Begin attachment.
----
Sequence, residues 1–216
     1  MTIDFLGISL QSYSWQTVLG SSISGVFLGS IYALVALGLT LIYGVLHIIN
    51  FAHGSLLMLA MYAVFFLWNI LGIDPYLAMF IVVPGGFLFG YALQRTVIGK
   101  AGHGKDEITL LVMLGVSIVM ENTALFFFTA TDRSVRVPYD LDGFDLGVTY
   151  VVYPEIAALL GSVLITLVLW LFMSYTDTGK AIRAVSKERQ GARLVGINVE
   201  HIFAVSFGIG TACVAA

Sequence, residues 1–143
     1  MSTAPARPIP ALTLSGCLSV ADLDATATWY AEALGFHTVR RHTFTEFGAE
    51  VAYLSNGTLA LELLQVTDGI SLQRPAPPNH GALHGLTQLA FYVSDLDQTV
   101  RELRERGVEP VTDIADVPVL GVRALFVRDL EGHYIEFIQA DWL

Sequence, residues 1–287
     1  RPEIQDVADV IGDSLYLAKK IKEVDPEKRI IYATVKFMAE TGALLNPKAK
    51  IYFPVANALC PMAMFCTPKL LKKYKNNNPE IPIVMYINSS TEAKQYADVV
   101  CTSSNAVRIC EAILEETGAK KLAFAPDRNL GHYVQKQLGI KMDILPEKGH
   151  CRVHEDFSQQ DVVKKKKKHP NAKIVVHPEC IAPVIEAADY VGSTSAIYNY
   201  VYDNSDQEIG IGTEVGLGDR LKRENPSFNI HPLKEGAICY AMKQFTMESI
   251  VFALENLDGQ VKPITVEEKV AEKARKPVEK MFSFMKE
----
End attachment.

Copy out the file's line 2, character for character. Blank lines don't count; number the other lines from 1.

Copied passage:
     1  MTIDFLGISL QSYSWQTVLG SSISGVFLGS IYALVALGLT LIYGVLHIIN